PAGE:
Liberty and Environmentalism: A Reconciliation

There are generally two sides to the issues of climate change and environmentalism. Typically, the ‘left’ is associated with concern (and sometimes alarmism) about global warming, and wants more government regulation to address environmental problems. The ‘right’, on the other hand, is associated with ‘denialism’, and downplaying both environmental issues and any need for significant action to ‘save the planet’. We can’t agree on the science, or how to respond to it.

Fortunately, we aren’t forever doomed to this quandary. Liberty and environmentalism are not opposed, they go hand in hand. The motivations for ‘alarmism’ and ‘denialism’ can be largely eliminated; and the two sides can come together to solve environmental issues. Enter Free Market Environmentalism, which is “a position that argues that the free market, property rights, and tort law provide the best tools to preserve the health and sustainability of the environment.”

Honest environmentalists, those whose goal is reasonable preservation of the environment- rather than promoting a political agenda- will find the free market approach an excellent solution and a way to connect with many who are currently resistant to their efforts.

The other side will also find the free market approach to achieve environmental preservation while resolving their healthy and justifiable concerns about other environmental ‘solutions’ that require impossible ideological compromises, such as radical proposals for extensive government regulations or even global government and global taxation.

Unfortunately, there will be those on both sides who have other agendas, including the ‘watermelons’ and others who use environmentalism as a Trojan horse to accomplish some ideological goal, such as increasing government power; as well as those who don’t care about the environment, those who want to keep excessively polluting, etc. We can only hope these types will be a diminishing minority.

We Can’t Agree on the Science, But the Scientists Beg to Differ

Polls show Americans are deeply divided over global warming; last year, Pew Research reported that 34% of Americans thought there was no solid evidence for global warming, while 36% thought there was global warming, caused by human activity. In a 2010 Rasmussen poll, following ‘Climategate‘, the number of Americans who believed there is a significant disagreement within the scientific community over global warming was 59%. And finally, in another poll taken last year, 69% of Americans thought scientists had falsified research on global warming.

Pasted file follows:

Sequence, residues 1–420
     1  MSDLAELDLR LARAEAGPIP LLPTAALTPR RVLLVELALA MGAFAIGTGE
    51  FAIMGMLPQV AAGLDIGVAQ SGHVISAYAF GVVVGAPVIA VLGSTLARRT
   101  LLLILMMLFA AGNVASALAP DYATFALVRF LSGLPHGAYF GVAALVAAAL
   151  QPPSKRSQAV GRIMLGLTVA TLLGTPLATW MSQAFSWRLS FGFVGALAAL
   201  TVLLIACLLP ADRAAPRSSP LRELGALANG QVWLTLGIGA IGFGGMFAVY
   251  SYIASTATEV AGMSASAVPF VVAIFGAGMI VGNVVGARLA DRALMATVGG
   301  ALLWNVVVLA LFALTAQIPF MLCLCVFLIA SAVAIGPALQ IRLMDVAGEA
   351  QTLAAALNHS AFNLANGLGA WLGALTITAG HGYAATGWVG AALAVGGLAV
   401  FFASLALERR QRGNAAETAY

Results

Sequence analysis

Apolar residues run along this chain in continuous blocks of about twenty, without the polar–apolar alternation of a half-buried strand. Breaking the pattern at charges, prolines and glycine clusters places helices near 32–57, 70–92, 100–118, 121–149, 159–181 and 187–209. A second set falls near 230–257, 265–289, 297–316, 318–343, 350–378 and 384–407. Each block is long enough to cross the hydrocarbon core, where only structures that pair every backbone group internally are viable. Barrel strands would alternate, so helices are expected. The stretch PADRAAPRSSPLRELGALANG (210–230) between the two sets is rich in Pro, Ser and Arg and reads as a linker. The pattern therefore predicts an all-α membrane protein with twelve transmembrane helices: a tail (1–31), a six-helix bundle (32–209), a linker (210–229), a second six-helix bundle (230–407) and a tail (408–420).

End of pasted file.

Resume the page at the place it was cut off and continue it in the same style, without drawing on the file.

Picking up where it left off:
Meanwhile, the scientists and scientific organizations have reached a near consensus that global warming is occurring and human activity is a significant contributor. Some challenge this by pointing to the Oregon Petition, where over 31,000 signatories with at least an academic degree reject the scientific consensus. The flaws with this petition are two: the list’s reliability is questionable in some cases; and most importantly, almost all of the signers don’t actually study climate science at all. Seriously, how could medical doctors and mathematicians be more authoritative on climate science than climatologists?

Of course, any consensus can be wrong. But it’s there nevertheless, and there’s no reason for anyone to have an ideological interest in it being proven right or wrong.

Denialism and Alarmism

As with other disciplines in science, you might think the public would overwhelmingly accept the conclusions of the experts. But the climate science community stands out as untrusted. It can’t only be blamed on the industry and the public resistance to dealing with the costs of reducing pollution, though that is a significant factor.

There’s an ideological motivation to denialism and alarmism. The green movement- needless to say- is closely associated with some sort of ‘leftist’, statist, anti-liberty, collectivist ideology themselves. For example, climatologist James Hansen has called for a global carbon tax scheme. There is Al Gore- um, nuff’ said. Environmentalists constantly call for a myriad of additional government spending and regulations- again needless to say- such as here, where they want to mandate “minimum efficiency standards worldwide for all products that consume energy, including buildings” and “substantial investment in public transportation.”

Because the green movement is nearly equivalent with ‘left-wing’ politics, it becomes a natural ally to other ‘left-statists’ who can use environmentalism to further their ideological cause. Hence, alarmism- hyping and exaggerating the situation- is in their interest, since it would further their cause even more.

Not surprisingly- most others are left to assume the only way to deal with any man-made climate change requires actions that are ideologically distasteful if not completely unacceptable, so they resort to disputing or denying the science. Often, this results in pretty unscientific, sometimes unethical actions on their part. It’s a losing strategy, to be sure.